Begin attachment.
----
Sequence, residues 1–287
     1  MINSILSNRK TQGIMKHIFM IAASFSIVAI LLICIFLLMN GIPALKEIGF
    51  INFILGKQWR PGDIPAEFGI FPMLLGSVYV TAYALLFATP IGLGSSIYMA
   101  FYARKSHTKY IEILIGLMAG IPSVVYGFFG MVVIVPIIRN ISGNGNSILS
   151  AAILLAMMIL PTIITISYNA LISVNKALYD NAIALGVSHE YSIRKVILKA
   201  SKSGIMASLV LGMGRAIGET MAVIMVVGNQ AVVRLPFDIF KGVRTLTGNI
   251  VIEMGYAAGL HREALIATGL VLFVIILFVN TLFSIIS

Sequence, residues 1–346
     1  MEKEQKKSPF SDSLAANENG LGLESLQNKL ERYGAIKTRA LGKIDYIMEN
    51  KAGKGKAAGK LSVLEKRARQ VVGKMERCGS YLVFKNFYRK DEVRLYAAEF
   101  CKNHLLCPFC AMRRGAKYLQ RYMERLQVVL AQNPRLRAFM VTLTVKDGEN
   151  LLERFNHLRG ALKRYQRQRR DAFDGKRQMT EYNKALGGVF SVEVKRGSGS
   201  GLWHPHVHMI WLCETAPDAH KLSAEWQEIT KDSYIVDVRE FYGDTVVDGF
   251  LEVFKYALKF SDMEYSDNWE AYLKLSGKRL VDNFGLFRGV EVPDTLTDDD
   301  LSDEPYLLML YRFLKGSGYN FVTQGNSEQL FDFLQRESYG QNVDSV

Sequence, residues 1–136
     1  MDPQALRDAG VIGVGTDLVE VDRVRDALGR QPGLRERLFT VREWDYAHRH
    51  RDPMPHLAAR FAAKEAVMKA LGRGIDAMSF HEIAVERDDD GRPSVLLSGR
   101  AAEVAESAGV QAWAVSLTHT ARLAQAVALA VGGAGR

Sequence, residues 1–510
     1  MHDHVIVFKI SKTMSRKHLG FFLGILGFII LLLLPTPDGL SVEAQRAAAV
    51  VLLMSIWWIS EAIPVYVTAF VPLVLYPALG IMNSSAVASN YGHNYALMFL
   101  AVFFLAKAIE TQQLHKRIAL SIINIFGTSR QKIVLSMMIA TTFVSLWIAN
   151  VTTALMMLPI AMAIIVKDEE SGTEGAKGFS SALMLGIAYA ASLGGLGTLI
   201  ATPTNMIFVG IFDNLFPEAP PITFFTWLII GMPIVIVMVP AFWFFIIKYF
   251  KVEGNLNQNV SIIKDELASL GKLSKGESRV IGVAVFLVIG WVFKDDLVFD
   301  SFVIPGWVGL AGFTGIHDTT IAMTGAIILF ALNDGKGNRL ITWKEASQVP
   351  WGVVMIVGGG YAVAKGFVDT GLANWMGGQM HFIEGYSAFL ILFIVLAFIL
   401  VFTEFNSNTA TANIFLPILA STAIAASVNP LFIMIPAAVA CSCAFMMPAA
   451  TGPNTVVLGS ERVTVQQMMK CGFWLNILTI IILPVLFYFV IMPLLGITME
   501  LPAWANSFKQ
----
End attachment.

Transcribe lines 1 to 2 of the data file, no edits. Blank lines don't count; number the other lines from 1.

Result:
Sequence, residues 1–287
     1  MINSILSNRK TQGIMKHIFM IAASFSIVAI LLICIFLLMN GIPALKEIGF